What will landlords do when their banks want payment and their renters can’t pay? Think they will easily be able to find renters who can pay? How much bank capital will be destroyed in write-offs?

There will be a time when businesses which were not prepared will need capital to start back up, and we need to plan for the future. But for now, we have to get people back to work, with the ability to get food, housing, and the basics as soon as possible.

Yes, that is going to blow the budget out. It is going to mean even deeper deficits and even then many will be without a job. We may actually need a real infrastructure program to create jobs, spread out over several years, to fix our ailing water systems, electrical grids, roads and bridges, etc. Now that would be honest-to-God stimulus, as opposed to the mere replacement of lost income. At least we would get something real from that money.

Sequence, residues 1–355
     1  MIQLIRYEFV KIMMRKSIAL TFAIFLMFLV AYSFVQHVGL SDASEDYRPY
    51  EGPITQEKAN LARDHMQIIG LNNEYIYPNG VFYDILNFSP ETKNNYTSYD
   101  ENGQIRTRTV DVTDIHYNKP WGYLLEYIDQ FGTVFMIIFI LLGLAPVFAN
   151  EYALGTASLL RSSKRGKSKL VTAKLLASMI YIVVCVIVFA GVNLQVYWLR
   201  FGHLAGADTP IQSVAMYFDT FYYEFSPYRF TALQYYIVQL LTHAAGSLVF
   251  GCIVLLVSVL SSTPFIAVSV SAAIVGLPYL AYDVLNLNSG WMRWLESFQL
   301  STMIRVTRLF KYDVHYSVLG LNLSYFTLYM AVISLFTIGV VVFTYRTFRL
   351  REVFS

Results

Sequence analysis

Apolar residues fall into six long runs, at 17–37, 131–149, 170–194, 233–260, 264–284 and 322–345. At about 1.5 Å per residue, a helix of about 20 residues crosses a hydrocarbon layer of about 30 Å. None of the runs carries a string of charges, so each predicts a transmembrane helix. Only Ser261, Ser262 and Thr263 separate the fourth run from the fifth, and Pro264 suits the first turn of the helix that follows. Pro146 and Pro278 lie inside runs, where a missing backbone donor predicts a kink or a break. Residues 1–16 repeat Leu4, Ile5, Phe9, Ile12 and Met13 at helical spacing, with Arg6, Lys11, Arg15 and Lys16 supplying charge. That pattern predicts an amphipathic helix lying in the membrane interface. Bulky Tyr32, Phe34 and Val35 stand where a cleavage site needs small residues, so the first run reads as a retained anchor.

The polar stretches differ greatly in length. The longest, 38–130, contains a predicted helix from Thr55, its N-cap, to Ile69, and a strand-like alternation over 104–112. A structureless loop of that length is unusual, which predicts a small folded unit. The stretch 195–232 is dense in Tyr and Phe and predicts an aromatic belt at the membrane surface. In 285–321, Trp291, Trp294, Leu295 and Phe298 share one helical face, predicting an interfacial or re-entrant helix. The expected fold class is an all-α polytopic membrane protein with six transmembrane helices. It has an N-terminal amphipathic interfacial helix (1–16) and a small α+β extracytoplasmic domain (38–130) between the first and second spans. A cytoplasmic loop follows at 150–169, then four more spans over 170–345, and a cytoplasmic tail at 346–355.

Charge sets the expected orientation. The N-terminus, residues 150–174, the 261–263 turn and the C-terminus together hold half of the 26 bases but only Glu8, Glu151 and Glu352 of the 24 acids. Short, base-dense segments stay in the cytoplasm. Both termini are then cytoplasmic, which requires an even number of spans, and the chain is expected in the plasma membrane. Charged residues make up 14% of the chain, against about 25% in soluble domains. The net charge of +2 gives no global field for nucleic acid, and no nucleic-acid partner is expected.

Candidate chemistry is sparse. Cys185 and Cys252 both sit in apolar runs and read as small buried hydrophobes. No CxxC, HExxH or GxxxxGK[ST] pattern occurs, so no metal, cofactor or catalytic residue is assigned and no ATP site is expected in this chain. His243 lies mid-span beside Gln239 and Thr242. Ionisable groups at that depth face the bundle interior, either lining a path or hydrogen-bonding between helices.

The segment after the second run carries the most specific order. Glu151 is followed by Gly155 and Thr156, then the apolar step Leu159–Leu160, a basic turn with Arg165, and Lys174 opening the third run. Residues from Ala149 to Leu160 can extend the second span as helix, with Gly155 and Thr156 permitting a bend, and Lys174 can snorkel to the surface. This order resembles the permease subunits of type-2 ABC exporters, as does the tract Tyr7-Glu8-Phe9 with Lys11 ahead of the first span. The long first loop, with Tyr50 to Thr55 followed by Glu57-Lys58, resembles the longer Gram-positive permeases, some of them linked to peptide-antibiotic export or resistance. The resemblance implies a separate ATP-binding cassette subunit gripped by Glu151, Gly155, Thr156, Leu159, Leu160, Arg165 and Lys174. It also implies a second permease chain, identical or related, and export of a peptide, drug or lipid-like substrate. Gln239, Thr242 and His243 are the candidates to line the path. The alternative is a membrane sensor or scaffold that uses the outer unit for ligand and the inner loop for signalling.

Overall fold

Thinking of the Enormity of It All

It is time to hit the send button. This letter could easily run twice as long. There is so much to say and comment on. So much of the Age of Transformation is going to happen faster than we thought. That will mean social and economic shocks in and of itself. The mind simply boggles as I sit here in Puerto Rico, walking around the neighborhood when allowed. And still trying to write books and plan for a Virtual SIC sometime in May. (Details coming soon!)

I hope you enjoy your Easter weekend. It is traditionally a time of renewal and optimism. And that is something we truly need right now. Have a great week!

Your sitting at home and busier than ever analyst,

John Mauldin Thoughts from the Frontline
John Mauldin

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Discussion